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Last Updated: Thursday, 9 August 2007, 08:49 GMT 09:49 UK
Surviving on snails and rats in Bihar
By Amarnath Tewary
BBC News, Bihar

National Highway 57 between Muzaffarpur and Darbhanga
The National Highway connects the two worst affected districts (Pic: Prashant Ravi)
Daily wage labourers Shiv Sagar Sahni and his young son Sugarath Sahni had a thatched house, two goats and 2,000 rupees (24) until a fortnight ago.

Now they are a penniless and famished family of eight taking shelter on National Highway 57.

They had to sell their goats and take loans from some well-off villagers to survive.

Like 50 other families, their village of Jarang-Baluaha, about a kilometre from the highway, was marooned in the floods.

Sharing a little space under a black polythene sheet and wooden cot, the Sahni family is among millions in the flood-ravaged northern Indian state of Bihar who have been stranded either on raised national highways, railway tracks or the rooftops of some government buildings.

"What to do. It's our tryst with destiny every year from which there seems to be no escape for us," Shiv Sagar Sahni told the BBC.

We're hungry and surviving somehow eating snails or rats
Rajesh and Ajudh Manjhi

Rows of buffaloes, cows and goats can be seen stranded with people on the highway.

Most people are sleeping or sitting under the open sky, ruing their fate and the recurring flood.

Rajesh Manjhi and Ajudh Manjhi have taken shelter on a road bridge.

"Last night some people brought a sheet of polythene for each family. That's the only help we have received till now," they said.

"No food, no relief... nothing has come to us so far. We're hungry and surviving somehow eating snails or rats."

Flood injustice

Pointing towards their submerged thatched houses in Atarbel village, they said that only two things had been rising for them during the last fortnight: "our hunger and debt".

"What can we do? We're poor people. Who cares for us?" they asked.

Banslal Sahni  (Pic: Prashant Ravi)_
Animals are the silent sufferers of the flood menace which has gripped our area
Banslal Sahni

They are agricultural labourers who make 45-50 rupees (a little more than a dollar) a day, but ever since the floods, they have been unable to find any work.

It's a vicious circle of debt for the poor families living on highways or embankments.

A week ago Kamod Ram and Basant Ram saw a helicopter dropping food packets at some distance on the highway, but they were grabbed by some bus passengers crossing the road.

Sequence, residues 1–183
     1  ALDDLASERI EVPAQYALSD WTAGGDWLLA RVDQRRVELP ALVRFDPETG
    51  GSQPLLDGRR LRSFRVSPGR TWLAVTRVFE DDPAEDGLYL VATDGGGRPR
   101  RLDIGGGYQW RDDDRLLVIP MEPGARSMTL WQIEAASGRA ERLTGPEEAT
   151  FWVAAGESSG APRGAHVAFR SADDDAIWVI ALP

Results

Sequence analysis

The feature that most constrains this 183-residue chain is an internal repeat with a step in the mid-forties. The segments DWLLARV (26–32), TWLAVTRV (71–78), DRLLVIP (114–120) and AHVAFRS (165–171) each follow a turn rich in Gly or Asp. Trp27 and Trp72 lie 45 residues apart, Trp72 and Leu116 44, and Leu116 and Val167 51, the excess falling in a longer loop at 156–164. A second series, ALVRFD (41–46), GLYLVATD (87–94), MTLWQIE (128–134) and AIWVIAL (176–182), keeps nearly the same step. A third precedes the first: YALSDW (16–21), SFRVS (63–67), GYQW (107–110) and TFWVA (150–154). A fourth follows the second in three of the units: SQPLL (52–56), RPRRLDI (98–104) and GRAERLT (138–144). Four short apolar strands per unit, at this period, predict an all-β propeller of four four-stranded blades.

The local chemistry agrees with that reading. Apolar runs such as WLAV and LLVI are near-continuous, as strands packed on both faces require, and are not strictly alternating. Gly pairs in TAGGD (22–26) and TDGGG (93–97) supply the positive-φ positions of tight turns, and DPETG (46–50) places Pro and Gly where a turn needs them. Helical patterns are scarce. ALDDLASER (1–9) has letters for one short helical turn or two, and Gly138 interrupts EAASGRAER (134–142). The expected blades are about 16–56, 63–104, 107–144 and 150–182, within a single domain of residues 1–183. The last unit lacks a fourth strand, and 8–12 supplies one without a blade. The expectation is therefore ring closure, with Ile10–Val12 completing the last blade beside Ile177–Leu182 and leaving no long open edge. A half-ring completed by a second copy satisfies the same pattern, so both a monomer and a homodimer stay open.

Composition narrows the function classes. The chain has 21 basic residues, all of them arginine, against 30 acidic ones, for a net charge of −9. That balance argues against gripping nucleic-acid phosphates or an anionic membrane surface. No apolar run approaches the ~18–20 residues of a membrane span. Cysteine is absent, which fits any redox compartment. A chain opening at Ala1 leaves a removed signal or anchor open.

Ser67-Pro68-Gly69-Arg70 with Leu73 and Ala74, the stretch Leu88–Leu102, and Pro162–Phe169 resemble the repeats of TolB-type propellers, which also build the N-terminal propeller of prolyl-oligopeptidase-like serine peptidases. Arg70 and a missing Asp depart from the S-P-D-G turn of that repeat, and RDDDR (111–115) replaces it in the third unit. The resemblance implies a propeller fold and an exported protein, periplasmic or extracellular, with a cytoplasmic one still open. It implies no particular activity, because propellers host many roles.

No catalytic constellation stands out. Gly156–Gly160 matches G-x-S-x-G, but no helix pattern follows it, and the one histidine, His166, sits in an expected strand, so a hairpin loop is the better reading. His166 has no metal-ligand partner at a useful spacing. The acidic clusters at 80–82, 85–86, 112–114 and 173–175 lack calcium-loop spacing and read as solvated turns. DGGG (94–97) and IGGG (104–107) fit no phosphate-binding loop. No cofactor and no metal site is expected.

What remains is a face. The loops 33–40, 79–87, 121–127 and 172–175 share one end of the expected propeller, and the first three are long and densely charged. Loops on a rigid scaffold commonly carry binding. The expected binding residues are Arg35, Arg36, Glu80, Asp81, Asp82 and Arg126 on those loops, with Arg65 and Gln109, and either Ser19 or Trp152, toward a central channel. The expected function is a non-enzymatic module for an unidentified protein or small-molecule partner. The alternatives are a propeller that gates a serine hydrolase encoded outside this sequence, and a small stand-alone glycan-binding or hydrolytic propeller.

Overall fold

"The government declares that relief has been sent for people like us but that is usurped by upper caste, well-off people on the way.

"They sell the stuff to ration shops and we buy them from there, paying money borrowed from those well off people," they said.

Animal victims

Sixty-year-old Banslal Sahni, sitting under the canopy of his black umbrella, has taken shelter on the highway because of his animals.

"I've come here for the sake of my animals. My family members could save their lives by going to the roof of the house but where could these hapless animals go?"

It happens every year. There is nothing new in it. This is our destiny
Rajkumari Devi

Sahni has 12 buffaloes and two cows tied to his cot on the highway.

Finding fodder for animals has also become a big problem in the area.

"Animals are the silent sufferers of the flood menace which has gripped our area. No-one takes notice of them.

"But what can you expect from a government which is not even taking care of us?" asks Rajkumari Devi.

Mother of three children and wife of a rickshaw puller, Rajkumari Devi, has taken shelter on the narrow part of the national highway near Bochaha village in Muzaffarpur.

Nine-year old Sarita Kumar makes chapati
Many of the displaced have taken on more debt to pay for food (Pic: Prashant Ravi)

Her nine-year-old eldest daughter, Sarita Kumari, was making chapati for the first time in two weeks after Devi took a loan of a few hundred rupees from a local shop-owner.

Their thatched house in the village has been completely damaged and swept away by the flood waters.

"It happens every year. There is nothing new in it. This is our destiny," says Ms Devi.

She and her family are lucky that they have been able to get at least one square meal after two weeks.

There are others who have not been able to eat even chapati for the past two weeks.

"We're somehow surviving on a handful of beaten rice, or snails and fish caught from the flood water," says Batohi Manjhi.

A major problem is drinking water.

The villagers say they drink, bathe and wash clothes in the same water that is used for sanitation.


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